Mary Shelley's Frankenstein

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Mary Shelley's "Frankenstein"

In order to illustrate the main theme of her novel “Frankenstein”, Mary Shelly draws strongly on the myth of Prometheus, as the subtitle The Modern Prometheus indicates. Maurice Hindle, in his critical study of the novel, suggests, “the primary theme of Frankenstein is what happens to human sympathies and relationships when men seek obsessively to satisfy their Promethean longings to “conquer the unknown” - supposedly in the service of their fellow-humans”. This assertion is discussed by first describing the Promethean connection. Thereafter, the two forms of the myth, Prometheus the fire-stealer and Prometheus the life-giver are reviewed in the context of Shelly’s use of the myth in her novel and their relationship to the main theme. Finally, the character of Frankenstein as a modern Prometheus of the scientific age is discussed in the context of English Romantic literature.

This “Promethean longing” mentioned by Hundle, is the connection between Victor Frankenstein and Robert Walton. They both seek to gain knowledge of the unknown. Victor Frankenstein’s obsession with occult scientific knowledge results in the destruction of his family and friends, whilst Walton, the narrator of the story, causes many deaths by his obsessive journey to the North Pole.

Shelly’s use of the Prometheus myth combines the two versions of the legend, Prometheus the “fire-stealer” and Prometheus the “life-giver”. According to the Ancient Greeks, in the first version of the myth, the Titan, Prometheus, in rebellion against Zeus, took fire from the sun and gave it to humankind to warm them and enable them to make tools and weapons, thereby allowing them to rise above other animals. Zeus was incensed by Prometheus’ disobedience, and as punishment, ordered Prometheus chained to a rock, where his liver was eaten by eagles each day and restored each night so that his torment could be prolonged for eternity.

The second, Roman version of the myth, comes from Ovid’s Metamorphoses, which, according to Newey (1993), Mary Shelly read in 1815. In this version Prometheus was the Creator who made man from clay and breathed life into him. This relates directly to the quotation on the title page of Shelly’s book.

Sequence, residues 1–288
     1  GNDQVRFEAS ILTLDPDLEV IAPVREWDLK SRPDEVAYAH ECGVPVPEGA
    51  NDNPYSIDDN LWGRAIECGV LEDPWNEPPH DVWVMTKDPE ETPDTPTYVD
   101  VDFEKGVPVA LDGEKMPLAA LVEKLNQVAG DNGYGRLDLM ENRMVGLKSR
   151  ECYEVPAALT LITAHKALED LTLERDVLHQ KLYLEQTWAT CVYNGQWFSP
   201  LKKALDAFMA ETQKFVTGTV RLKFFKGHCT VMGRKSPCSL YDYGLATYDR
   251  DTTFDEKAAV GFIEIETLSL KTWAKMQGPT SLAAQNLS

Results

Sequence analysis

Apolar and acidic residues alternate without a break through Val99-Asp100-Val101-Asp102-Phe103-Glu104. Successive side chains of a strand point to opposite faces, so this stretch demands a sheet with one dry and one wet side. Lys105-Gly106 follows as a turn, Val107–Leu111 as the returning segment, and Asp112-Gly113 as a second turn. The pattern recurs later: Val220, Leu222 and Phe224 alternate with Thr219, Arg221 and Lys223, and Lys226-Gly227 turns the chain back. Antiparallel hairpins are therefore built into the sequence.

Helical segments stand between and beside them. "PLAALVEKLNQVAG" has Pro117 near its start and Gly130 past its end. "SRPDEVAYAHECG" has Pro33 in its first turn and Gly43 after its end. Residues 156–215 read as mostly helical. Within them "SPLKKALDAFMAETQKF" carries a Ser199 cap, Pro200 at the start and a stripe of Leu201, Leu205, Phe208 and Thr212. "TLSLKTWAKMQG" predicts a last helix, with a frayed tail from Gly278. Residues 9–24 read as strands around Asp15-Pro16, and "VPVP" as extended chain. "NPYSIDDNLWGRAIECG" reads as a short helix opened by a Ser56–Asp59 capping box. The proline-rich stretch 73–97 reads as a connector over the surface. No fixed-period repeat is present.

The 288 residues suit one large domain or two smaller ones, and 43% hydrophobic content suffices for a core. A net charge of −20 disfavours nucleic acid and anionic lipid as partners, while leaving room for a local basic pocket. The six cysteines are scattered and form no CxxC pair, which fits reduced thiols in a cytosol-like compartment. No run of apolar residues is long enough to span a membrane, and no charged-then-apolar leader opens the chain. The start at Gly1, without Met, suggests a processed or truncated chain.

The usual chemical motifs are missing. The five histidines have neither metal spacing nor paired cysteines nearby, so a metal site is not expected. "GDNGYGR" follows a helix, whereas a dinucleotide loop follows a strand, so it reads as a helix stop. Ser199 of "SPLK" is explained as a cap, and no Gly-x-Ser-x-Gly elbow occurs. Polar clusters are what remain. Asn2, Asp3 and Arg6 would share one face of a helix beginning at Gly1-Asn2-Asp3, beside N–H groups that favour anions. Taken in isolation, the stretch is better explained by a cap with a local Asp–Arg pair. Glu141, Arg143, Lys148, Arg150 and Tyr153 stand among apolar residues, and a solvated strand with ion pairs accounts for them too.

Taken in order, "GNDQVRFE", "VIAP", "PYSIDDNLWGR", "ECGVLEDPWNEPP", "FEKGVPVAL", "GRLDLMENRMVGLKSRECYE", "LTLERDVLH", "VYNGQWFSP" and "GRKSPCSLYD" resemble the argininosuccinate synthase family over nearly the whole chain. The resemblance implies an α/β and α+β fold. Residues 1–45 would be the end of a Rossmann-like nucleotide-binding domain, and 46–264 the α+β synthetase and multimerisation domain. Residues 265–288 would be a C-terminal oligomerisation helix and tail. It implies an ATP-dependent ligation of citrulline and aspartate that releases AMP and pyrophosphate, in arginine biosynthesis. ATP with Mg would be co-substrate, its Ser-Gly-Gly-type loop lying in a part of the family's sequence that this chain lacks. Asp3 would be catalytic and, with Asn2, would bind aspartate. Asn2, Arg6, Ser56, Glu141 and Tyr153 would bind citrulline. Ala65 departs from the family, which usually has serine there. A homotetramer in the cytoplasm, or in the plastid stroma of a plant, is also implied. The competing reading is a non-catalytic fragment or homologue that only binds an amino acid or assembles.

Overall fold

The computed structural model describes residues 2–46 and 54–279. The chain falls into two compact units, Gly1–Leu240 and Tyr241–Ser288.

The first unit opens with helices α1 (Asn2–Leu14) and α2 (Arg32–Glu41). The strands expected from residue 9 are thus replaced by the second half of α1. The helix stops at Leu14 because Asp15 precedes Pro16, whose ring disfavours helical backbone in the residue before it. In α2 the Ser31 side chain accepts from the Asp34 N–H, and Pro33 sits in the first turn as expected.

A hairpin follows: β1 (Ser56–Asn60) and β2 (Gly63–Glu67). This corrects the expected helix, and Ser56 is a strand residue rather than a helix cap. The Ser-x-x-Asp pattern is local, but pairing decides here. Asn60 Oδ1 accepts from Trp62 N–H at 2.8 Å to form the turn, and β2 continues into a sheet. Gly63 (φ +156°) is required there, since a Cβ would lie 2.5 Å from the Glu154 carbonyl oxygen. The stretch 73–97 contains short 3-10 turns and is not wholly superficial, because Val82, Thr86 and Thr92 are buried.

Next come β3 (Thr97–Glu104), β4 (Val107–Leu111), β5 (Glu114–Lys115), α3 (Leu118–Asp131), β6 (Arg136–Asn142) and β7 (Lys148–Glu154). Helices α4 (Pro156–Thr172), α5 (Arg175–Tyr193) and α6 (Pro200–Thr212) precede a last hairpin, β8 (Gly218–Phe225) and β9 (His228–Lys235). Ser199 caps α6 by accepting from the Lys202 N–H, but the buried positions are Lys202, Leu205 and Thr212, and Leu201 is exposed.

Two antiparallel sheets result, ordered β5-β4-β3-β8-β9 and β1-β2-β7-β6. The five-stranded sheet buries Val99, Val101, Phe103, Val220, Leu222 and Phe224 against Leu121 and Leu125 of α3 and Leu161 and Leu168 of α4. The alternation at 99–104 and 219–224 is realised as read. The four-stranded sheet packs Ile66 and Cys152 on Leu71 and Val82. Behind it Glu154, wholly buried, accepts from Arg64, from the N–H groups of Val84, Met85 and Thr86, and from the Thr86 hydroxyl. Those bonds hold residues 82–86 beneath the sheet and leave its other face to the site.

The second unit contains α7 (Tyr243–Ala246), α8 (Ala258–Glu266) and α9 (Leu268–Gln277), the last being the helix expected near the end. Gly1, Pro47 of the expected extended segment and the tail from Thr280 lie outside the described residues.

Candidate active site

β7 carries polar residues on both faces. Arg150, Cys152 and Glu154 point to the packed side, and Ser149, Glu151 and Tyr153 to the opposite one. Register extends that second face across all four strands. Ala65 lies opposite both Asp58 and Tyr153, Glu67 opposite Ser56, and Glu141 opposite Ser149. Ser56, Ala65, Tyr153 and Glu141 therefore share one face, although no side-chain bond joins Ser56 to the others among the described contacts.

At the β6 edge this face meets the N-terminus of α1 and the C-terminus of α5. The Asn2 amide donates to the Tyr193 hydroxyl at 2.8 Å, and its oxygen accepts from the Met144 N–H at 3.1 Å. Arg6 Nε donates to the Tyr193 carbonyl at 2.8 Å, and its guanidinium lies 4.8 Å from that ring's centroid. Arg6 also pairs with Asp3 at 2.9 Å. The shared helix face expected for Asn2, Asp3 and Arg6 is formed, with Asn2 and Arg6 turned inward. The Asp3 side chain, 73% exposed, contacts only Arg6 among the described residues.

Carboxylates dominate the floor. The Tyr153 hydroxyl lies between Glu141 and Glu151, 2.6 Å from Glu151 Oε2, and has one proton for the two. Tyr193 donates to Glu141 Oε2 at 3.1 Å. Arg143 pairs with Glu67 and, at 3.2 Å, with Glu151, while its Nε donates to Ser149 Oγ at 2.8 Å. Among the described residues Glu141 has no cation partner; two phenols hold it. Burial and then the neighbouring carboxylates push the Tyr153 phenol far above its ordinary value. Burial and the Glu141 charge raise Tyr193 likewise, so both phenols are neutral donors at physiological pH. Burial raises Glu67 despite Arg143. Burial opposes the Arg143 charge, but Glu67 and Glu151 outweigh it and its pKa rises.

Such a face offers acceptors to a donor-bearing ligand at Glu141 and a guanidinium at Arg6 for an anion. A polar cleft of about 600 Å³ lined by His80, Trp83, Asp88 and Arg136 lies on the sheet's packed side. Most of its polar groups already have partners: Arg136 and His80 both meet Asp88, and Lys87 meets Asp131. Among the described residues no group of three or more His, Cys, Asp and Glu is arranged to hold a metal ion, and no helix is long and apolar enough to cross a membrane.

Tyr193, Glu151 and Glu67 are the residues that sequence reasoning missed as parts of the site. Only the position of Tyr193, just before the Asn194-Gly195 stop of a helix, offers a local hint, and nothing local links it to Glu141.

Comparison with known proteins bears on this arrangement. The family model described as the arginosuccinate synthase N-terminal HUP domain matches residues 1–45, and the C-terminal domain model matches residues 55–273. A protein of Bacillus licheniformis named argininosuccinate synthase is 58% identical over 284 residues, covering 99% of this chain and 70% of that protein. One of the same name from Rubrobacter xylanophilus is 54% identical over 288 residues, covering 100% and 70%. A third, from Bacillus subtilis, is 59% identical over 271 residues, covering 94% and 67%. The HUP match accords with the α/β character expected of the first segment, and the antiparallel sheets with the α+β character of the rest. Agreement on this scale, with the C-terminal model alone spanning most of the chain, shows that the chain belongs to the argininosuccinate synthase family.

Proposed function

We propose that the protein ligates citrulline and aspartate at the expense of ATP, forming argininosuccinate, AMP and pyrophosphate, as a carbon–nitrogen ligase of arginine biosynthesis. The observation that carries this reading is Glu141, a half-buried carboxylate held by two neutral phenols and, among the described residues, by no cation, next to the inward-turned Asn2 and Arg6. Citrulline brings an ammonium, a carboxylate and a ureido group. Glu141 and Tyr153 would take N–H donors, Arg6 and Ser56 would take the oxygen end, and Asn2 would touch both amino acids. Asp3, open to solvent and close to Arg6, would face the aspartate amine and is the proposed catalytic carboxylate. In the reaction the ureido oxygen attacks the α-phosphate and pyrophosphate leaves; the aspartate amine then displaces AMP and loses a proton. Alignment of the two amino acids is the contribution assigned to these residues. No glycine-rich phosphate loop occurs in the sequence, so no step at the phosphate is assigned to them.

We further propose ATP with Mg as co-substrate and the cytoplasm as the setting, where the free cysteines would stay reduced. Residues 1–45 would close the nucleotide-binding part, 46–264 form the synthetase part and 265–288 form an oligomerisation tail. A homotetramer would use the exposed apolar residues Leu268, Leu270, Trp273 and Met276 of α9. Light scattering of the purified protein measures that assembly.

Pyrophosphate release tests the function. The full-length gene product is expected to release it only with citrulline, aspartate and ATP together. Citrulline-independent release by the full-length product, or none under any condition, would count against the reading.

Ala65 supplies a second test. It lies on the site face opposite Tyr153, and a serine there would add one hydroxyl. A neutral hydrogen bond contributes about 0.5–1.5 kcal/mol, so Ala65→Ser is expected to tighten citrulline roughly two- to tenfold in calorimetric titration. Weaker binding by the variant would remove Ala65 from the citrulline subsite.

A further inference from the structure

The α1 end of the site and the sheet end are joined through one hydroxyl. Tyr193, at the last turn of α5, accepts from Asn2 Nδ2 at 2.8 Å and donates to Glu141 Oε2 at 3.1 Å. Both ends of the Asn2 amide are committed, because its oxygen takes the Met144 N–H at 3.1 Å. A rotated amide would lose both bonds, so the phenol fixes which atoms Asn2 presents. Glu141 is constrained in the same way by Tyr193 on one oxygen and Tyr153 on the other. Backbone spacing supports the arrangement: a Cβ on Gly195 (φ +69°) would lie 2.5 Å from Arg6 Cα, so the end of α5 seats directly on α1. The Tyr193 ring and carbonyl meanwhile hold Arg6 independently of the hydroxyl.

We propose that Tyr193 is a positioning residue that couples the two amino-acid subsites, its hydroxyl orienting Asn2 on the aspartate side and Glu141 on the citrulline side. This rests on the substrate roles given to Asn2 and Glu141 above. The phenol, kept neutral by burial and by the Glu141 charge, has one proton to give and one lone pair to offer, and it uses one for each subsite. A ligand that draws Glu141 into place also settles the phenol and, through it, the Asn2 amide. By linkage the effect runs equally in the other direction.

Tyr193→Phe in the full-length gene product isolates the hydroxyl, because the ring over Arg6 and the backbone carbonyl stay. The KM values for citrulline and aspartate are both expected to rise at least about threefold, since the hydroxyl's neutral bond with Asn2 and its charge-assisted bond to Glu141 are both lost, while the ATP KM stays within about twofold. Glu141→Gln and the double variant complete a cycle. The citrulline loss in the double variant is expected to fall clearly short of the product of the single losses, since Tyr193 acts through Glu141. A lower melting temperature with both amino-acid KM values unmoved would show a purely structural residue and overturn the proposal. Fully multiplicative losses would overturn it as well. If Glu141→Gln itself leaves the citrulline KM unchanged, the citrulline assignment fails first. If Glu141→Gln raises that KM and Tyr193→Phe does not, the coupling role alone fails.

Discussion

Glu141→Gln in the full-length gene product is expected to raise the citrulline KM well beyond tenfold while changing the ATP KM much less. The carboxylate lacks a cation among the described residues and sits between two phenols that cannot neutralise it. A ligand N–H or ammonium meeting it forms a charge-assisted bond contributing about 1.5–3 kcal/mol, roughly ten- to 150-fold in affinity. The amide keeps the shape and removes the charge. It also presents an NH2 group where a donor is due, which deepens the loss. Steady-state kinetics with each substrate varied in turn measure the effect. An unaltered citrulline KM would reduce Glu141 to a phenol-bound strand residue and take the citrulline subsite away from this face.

“Did I request thee Maker, from my clay to mould me man. Did I solicit thee from darkness to promote me? Although a quotation from Milton’s...

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...fe-giver. However, it could be argued that Frankenstein is better connected to Prometheus the fire-stealer. Frankenstein’s experiments with the two edged sword of forbidden knowledge had the possibility of bestowing great good upon humanity or perhaps the destruction of humankind.

Shelley has utilised both versions of the myth to great effect in the development of the main theme. Her character, Frankenstein, effectively destroyed all he held dear as a consequence of his obsession with the pursuit of forbidden knowledge.

Works Cited:

Griffith, G. V. 1997 Frankenstein in the Context of the Romantic Era. Retrieved April 2004 from

Hindle, M. 1994, Mary Shelley Frankenstein Penguin Books, London

Hunter, J. P. (ed.), 1996, Mary Shelley Frankenstein. The 1818 Text, Contexts, Nineteenth-Century Responses, Modern Criticism, W.W. Norton & Company, New York

Newey, K. 1993, Mary Shelley’s Frankenstein Sydney University Press, Sydney

Schmidt, A. 1999, The Myth of Prometheus, Retrieved April 2004 from

Oates, J.C. 1984 Frankenstein’s Fallen Angel, in Critical Inquiry, Vol 10 No.3. Retrieved April 2004 from

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